Top 10 Graphic/Comics Reads of 2012
By Michael Cavna,
“You can do anything with words and pictures.” Those were the immortal words of the late “American Splendor” comics creator Harvey Pekar, who just last month received his own slab of immortality with a Cleveland library sculpture. Some great cartoonists who followed the path blazed by Pekar delivered their own great books this year — from new work by Chris Ware to a Daniel Clowes collection and a retrospective by Pekar’s collaborator R. Crumb. Those are among our top 10 Graphic/Comics Reads of 2012 that show just how much a truly gifted writer-artist can do with words and pictures.
Chris Ware (Pantheon)
A formerly “art curious” amputee florist. A middle-aged couple entombed in a dead romance. Neighbors share walls of deep melancholy in this masterful book-in-a-box of 14 “easily misplaced elements” that are as readily lost as a life. You could call “Stories” a game-changer, except so few besides Ware could ever construct such a retro-aesthetic feat.
Chris Hedges and Joe Sacco (Nation)
Two veteran war-zone correspondents (Hedges shared a 2002 Pulitzer Prize while at the New York Times; artist Sacco is an American Book Award winner) team up to report — in prose and pictures — frontline cautionary tales from new war zones: areas of America strafed by poverty. Personal stories writ powerful.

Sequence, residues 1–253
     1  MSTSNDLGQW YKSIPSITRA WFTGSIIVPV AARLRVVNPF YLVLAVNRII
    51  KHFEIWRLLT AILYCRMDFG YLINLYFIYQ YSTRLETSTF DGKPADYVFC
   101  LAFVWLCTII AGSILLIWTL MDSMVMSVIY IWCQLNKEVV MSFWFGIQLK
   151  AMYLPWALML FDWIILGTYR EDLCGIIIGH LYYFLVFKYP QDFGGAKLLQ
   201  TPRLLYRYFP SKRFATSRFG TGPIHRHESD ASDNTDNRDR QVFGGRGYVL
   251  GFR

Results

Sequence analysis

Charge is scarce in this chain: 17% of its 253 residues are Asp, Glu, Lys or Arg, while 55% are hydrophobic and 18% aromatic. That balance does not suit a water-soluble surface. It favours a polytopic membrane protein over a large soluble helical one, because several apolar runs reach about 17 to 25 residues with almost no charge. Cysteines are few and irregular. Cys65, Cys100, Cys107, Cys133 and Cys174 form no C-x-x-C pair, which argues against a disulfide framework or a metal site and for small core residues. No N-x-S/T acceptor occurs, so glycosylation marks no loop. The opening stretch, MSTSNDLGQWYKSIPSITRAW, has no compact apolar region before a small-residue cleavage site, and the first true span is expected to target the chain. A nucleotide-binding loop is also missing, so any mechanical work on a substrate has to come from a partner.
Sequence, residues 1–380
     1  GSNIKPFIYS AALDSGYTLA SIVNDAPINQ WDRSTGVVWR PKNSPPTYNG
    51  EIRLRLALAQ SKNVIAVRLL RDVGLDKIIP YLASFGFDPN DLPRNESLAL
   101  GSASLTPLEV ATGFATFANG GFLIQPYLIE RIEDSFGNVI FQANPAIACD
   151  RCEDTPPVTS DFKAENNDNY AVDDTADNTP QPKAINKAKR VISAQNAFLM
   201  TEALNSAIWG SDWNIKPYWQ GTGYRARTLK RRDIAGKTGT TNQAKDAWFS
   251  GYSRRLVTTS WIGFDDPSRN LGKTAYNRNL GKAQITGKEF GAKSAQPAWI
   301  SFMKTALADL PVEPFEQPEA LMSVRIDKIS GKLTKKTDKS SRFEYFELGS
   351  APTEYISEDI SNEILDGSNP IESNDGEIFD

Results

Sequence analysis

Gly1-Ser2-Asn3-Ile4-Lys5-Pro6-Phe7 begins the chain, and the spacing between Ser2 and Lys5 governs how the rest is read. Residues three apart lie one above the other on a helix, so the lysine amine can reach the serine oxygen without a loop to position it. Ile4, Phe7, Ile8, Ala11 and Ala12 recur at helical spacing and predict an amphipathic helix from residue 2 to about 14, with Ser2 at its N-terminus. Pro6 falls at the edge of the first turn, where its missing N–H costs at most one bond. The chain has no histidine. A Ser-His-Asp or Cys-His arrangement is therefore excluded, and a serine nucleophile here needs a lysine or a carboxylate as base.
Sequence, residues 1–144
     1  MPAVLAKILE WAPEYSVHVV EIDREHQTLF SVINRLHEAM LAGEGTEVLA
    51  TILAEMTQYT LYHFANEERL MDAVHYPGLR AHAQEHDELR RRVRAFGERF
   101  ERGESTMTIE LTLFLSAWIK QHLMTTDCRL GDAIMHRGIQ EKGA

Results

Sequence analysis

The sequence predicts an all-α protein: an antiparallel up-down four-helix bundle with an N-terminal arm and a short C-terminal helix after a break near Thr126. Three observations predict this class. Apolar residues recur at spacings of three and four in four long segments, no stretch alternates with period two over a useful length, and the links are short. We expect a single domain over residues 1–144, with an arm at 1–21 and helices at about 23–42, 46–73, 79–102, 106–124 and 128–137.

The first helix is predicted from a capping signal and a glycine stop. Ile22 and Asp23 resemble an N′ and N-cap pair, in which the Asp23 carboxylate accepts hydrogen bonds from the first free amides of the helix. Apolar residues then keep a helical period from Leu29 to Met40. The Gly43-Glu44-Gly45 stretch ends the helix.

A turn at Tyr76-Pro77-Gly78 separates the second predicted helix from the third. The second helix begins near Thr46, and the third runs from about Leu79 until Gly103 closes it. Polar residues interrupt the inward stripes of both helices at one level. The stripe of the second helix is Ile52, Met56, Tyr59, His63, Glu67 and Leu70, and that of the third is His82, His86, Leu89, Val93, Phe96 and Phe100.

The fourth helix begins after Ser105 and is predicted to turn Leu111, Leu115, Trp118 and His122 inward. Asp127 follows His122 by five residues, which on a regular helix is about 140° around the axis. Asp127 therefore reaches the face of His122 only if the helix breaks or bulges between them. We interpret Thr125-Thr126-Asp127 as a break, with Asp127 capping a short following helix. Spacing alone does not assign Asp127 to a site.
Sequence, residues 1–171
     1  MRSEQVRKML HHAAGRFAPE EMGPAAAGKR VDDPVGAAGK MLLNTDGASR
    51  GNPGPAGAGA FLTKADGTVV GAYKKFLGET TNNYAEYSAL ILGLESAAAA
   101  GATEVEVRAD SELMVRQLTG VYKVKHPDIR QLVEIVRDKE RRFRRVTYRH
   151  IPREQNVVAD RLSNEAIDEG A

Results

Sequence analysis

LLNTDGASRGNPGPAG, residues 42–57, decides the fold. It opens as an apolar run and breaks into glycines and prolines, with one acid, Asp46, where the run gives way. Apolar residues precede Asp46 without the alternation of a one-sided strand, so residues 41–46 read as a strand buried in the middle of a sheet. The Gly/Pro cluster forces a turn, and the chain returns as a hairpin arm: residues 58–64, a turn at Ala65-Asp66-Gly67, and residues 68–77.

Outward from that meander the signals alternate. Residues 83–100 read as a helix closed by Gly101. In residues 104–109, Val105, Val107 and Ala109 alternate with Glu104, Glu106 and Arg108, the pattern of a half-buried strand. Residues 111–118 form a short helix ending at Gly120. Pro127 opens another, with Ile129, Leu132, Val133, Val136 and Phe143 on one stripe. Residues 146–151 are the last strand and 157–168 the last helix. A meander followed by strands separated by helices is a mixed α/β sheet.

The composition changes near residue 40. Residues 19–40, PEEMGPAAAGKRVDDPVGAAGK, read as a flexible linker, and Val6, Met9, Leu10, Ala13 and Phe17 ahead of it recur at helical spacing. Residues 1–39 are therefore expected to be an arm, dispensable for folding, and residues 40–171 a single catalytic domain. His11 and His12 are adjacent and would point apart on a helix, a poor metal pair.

Raina Telgemeier (Graphix)
The acclaimed author of “Smile” strikes gold again with her kid-lit as young Callie faces middle-school drama both on stage and in class. Telgemeier charms with a true, honest ear.
Aline and R. Crumb (Liveright)
Four decades after they met in San Francisco, the crosshatching legend Crumb and gifted wife, Aline — like opposing tectonic plates — create great comic tension. Their complete collected works are a front-row seat ticket to their spellbinding “freak show.”
Mark Siegel (First Second)
A steamboat captain finds a wounded mermaid in the river. This haunting, Gilded Age nautical epic seductively pairs mystical prose with Siegel’s gauzy charcoal illustrations. Here, in lyrical beauty, are more than 50 shades of gray.
Stephan Pastis (Andrews McMeel)
Bound newspaper-comic collections abound, but few of them offer the cartoonist’s running-in-the-margin commentary that proves equally hilarious — as Pastis pulls back the curtain on his snarky Rat, sweet Pig and “zeeba neighbor” Crocs.
Ellen Forney (Gotham)
The Seattle-based cartoonist who illustrated Sherman Alexie’s National Book Award-winning “The Absolutely True Diary of a Part-Time Indian” describes her life with bipolar disorder (diagnosed shortly before she turned 30) and her pharmacologically laced battle with mental illness and artistic aspiration.
Edited by Matt Dembicki (Fulcrum)
For Post readers, a hometown pick: From Colonial-era Georgetown through the Obama-era downtown, more than three dozen contributors weave a richly textured tapestry of Washington. Includes stories of presidents and little-known local figures who played a role in our history.
DC Entertainment stoked a bonfire of controversy when the publisher decided to reboot its entire line of superhero titles. The resulting comics, inevitably, were a mixed bag, but this book — collecting all 52 first issues — puts into high relief the superb work of creators such as Scott Snyder (Batman), Grant Morrison (Action Comics) and “moonlighting” DC execs Geoff Johns and Jim Lee (Justice League).
Edited by Alvin Buenaventura (Abrams ComicArts)
One of the greatest cartoonists of the past several decades finally gets his due, tracking his career through “Eightball” up to “Mister Wonderful” — with a wonderful essay indeed by Chris Ware.